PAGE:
Cyber-hacking and data theft have more than once made the headlines this year, most notably due to companies not having an adequate level of protection in place. TalkTalk received a record £400,000 fine by the ICO last year after failing to implement sufficient cyber security measures, leading to the personal data theft of almost 157,000 customers. The NHS cyber-attack in May this year was deemed to be partly caused due to outdated platform systems and weak passwords. And with upcoming changes to data protection laws, the EU’s General Data Protection Regulation (GDPR) coming into force in the UK on 25 May 2018, brands must ensure they have sufficient measures in place in order to comply.
Data protection is not only applicable to big companies and brands. Anyone storing data and processing data much also abide by GDPR. So, if you’re running a prize promotion this applies to you, too. Here are a few points you must take into account when organising a prize draw or competition.
- Encryption: All electronically held data must be encrypted. At all times. If you are collecting data to share with a prize fulfilment agency, do not send this without a maximum of protection. Always password-protect the personal information you hold, using a mixture of upper and lowercase letters, numbers and special characters. The harder you make it, the harder it is to crack. Share your files via secure transfer only. Never send a password along with a file, provide this separately, preferably via phone. Data should be stored on a secure and encrypted server. ie not your desktop or BYOD (Bring Your Own Device) which increase the risk of data theft. Access to these files should only be provided to employees who need it to fulfil the purpose(s). Ensure your company’s computers all have an up-to-date anti-virus, with the latest security updates installed to cover vulnerabilities.
- Data sharing agreement: if you are liaising with a third-party agency for prize fulfilment, please ensure you have a written data processing contract in place with them. This will once again reiterate the purpose(s)s for which they will be processing the data, ensure its protection, and confirm when they will be destroying it. Personal data must be processed fairly and lawfully, and not be processed for any other purpose(s) than the one(s) communicated to individuals at point of entry.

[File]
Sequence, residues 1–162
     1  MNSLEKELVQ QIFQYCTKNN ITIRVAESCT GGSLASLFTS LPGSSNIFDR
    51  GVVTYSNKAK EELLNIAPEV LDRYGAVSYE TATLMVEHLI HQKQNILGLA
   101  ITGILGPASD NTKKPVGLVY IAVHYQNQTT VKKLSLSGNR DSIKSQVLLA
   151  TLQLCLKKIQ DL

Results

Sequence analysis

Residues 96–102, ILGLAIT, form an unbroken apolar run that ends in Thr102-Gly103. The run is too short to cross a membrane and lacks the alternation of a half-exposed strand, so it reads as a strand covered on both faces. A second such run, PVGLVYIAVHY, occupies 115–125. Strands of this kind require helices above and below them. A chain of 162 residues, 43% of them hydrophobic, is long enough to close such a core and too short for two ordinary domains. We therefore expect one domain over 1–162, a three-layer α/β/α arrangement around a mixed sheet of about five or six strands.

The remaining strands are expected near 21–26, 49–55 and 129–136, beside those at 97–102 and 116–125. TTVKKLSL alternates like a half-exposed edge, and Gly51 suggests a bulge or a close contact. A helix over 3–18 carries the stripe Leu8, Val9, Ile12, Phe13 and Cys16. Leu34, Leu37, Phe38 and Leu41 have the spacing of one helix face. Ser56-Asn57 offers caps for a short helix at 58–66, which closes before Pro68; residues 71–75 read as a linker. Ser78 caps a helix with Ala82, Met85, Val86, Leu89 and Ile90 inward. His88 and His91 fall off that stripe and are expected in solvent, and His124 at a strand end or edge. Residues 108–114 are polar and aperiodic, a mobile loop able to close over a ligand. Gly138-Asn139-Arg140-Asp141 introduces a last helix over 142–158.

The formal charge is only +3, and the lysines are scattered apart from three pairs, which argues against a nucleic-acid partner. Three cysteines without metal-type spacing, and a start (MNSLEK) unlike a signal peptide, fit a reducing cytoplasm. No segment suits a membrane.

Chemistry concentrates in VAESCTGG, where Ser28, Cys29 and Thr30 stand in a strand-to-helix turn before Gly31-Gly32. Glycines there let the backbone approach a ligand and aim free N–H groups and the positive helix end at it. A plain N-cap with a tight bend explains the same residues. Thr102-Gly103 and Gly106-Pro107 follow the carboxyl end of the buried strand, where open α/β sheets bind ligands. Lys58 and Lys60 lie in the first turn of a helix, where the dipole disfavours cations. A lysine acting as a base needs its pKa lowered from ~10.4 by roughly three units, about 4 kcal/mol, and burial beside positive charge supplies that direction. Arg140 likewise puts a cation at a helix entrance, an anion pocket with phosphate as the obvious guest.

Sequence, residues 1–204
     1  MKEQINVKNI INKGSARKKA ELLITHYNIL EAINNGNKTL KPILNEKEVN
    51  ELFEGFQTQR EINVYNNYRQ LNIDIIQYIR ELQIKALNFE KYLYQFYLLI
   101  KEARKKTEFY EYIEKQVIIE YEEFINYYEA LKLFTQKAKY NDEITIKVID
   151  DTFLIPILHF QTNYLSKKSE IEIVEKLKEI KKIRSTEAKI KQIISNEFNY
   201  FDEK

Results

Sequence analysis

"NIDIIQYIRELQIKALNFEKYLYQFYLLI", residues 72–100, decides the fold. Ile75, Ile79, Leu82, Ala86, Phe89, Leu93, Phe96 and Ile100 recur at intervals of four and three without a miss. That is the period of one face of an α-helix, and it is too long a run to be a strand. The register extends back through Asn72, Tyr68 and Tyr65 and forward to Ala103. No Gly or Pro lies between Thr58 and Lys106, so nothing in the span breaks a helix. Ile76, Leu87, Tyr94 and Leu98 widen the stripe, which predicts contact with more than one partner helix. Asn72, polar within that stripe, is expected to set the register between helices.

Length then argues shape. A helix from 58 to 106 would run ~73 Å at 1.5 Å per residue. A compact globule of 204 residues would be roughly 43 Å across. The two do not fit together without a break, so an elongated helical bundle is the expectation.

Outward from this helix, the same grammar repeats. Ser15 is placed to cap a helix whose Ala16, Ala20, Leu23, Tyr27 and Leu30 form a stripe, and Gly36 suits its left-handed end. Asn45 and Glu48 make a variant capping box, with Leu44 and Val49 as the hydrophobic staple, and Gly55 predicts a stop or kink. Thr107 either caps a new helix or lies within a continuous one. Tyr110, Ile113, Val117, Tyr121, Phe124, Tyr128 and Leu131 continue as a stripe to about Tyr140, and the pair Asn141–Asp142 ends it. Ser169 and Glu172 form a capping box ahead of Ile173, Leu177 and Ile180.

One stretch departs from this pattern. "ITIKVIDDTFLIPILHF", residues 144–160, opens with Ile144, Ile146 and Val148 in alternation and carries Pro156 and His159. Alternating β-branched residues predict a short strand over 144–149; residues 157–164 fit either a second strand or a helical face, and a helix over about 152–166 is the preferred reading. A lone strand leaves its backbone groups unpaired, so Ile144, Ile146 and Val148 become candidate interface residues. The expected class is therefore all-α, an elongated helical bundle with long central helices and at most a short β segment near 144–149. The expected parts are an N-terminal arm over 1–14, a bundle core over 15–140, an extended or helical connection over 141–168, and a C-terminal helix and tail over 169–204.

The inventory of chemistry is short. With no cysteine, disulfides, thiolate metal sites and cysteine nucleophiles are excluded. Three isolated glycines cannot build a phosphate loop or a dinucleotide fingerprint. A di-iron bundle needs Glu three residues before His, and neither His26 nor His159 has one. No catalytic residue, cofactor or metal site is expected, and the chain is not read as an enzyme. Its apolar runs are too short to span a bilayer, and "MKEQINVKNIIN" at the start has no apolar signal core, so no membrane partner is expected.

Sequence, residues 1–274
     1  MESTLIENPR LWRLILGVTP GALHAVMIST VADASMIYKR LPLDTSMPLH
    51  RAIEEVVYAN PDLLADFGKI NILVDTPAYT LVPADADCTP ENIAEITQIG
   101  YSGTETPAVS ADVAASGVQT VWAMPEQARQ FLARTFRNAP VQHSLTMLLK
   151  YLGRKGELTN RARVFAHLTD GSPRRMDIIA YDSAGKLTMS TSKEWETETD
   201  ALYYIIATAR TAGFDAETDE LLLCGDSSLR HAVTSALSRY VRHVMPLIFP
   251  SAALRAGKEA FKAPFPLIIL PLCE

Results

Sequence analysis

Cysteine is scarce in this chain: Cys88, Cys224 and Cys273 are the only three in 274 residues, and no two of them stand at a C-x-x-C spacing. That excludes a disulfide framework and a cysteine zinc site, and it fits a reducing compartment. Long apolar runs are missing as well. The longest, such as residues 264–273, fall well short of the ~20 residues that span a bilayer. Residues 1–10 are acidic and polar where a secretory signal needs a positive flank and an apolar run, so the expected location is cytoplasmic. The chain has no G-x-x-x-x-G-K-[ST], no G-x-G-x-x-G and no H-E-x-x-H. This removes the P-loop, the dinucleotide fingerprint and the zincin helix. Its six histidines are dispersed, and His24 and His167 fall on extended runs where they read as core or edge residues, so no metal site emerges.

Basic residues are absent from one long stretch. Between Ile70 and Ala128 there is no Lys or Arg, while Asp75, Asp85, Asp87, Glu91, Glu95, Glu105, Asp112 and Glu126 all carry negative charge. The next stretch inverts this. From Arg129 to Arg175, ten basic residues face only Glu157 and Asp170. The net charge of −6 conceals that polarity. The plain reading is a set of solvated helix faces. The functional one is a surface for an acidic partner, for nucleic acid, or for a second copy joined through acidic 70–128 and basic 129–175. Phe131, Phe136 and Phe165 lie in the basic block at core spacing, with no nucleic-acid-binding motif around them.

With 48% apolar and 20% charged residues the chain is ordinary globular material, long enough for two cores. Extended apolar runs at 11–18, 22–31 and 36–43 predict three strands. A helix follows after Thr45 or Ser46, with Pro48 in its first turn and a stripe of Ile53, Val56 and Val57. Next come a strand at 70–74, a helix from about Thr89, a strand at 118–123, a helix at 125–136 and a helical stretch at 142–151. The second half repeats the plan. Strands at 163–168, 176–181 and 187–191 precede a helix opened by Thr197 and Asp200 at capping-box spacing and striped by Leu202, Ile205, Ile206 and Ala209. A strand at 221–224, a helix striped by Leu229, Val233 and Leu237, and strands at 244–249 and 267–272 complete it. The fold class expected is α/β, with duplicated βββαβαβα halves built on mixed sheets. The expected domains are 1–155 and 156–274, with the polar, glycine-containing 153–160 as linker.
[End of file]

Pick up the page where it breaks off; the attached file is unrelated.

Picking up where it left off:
- Destroying data: personal data should not be kept for any longer than necessary. Depending on the number of winners and nature of the prizes you are giving away, all prizes may be claimed within a few days, or a few weeks. Data processors should securely delete the data once they have achieved the specified purpose(s). It is worth however taking into account that a consumer can complain to the Advertising Standards Authority (ASA) for 3 months post the promotion’s closing date. In the case where prizes are fulfilled rather rapidly, it is recommended that the data controller maintain the sole copy of the data for the duration of this timeframe, then securely delete it.
- International transfers: if you are planning on running an international prize promotion, with a number of participating countries worldwide, you must do so within the Data Protection Act guidelines. Currently, data should not be transferred to any country outside the European Economic Area (EEA) unless that country guarantees an acceptable level of protection for the individuals whose data will be processed. Come GDPR, transfers outside of the EU may be made where the Commission has decided that a third country, territory or specific sector of a third country ensures an adequate level of protection. Appropriate safeguards must also be in place between the data controller and data processor.
Much has been reported in recent months on GPDR, accuracy along with miscommunication, which can be rather disconcerting. Do not be dismayed. The ICO has a great selection of articles sorting facts from fiction, which you can check out HERE. And if we can assist with a prize promotion you are running, please drop us a line at firstname.lastname@example.org.
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